janeainsworth Mon 12-May-14 09:03:03

Wise words as usual Elegran

thatbags Mon 12-May-14 09:04:05

Your last sentence is wise too, soutra.

dogsdinner Mon 12-May-14 09:04:55

My father too left when I was three. Very limited contact. Again I met my half sister only a couple of times and after he died I received from her pictures they had found he had kept of when I was a child. I was sad they hadn't told me of the funeral. Since you know when it is definitely go.

HollyDaze Mon 12-May-14 09:05:28

raggymac - the main question is: do you want to go to the funeral? Ignore what others may think (for now), is it what you want to do?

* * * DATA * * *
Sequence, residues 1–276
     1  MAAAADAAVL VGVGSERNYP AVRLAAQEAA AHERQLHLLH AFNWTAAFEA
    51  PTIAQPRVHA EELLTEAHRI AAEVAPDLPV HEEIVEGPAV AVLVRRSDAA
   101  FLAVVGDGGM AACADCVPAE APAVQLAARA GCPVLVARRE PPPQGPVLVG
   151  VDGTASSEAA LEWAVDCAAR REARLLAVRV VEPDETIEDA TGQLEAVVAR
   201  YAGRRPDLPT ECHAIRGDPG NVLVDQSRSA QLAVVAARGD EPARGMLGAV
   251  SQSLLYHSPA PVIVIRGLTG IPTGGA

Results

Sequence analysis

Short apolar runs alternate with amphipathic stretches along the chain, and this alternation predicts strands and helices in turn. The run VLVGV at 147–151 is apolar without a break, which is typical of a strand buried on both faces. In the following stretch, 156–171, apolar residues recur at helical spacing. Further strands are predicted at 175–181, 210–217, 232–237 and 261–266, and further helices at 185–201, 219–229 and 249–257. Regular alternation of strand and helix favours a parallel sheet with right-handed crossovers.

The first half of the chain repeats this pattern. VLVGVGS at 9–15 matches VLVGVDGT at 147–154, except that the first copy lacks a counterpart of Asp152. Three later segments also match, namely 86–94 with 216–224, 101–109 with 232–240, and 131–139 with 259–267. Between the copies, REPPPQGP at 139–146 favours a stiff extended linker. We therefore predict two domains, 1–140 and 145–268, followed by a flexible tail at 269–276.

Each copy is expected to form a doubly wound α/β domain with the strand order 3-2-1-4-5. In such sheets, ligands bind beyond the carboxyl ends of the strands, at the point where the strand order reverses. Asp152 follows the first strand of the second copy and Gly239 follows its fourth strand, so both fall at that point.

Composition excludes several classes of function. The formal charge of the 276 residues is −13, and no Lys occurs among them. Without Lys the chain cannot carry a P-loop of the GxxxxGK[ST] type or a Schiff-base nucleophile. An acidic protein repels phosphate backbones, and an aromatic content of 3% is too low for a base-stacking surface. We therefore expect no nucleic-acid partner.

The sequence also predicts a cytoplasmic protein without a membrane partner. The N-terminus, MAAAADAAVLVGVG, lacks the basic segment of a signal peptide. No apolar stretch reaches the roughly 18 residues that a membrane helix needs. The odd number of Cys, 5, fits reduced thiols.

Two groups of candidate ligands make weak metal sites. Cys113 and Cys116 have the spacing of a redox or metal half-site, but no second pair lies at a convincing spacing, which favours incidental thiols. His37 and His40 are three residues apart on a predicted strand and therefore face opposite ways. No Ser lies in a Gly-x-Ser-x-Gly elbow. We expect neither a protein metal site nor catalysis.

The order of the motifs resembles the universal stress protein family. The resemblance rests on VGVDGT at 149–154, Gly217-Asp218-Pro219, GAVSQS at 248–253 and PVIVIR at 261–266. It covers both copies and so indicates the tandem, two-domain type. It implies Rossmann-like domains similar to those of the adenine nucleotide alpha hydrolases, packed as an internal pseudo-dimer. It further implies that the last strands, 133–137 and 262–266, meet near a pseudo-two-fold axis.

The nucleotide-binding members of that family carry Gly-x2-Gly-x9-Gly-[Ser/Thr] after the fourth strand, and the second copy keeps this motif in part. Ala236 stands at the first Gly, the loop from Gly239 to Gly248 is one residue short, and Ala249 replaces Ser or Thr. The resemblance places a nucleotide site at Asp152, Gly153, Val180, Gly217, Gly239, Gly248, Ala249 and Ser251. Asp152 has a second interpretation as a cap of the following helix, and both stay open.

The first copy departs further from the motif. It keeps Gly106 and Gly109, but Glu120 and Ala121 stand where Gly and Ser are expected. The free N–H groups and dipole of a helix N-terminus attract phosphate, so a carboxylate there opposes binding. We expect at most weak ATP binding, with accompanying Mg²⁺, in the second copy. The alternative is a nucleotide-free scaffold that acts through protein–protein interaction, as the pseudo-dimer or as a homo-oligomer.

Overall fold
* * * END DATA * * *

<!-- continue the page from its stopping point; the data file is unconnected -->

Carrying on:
Agus Mon 12-May-14 09:08:33

I don't know if you feel you don't have a right to go but he was your Father and your half sister wouldn't have informed you of his death if there was a problem with you attending his funeral.

As has been said, you won't get a a second chance.

If you want to go to the chapel of rest and the funeral, that's what you should do.

whenim64 Mon 12-May-14 09:18:54

If you have the slightest feeling that in the future, you will regret that you didn't go, then go. I wasn't close to my dad, who was an emotionally distant man who put himself first every time. When he died in hospital, I was in another hospital and very poorly, but could have been taken to part of his funeral in a wheelchair. I decided not to go, and eight years on I don't regret my decision. My issues with him had been addressed before he died and I didn't feel any need to complete the circle of his role in my life that Soutra refers to. Good luck, whatever you decided to do. flowers

Lona Mon 12-May-14 09:25:34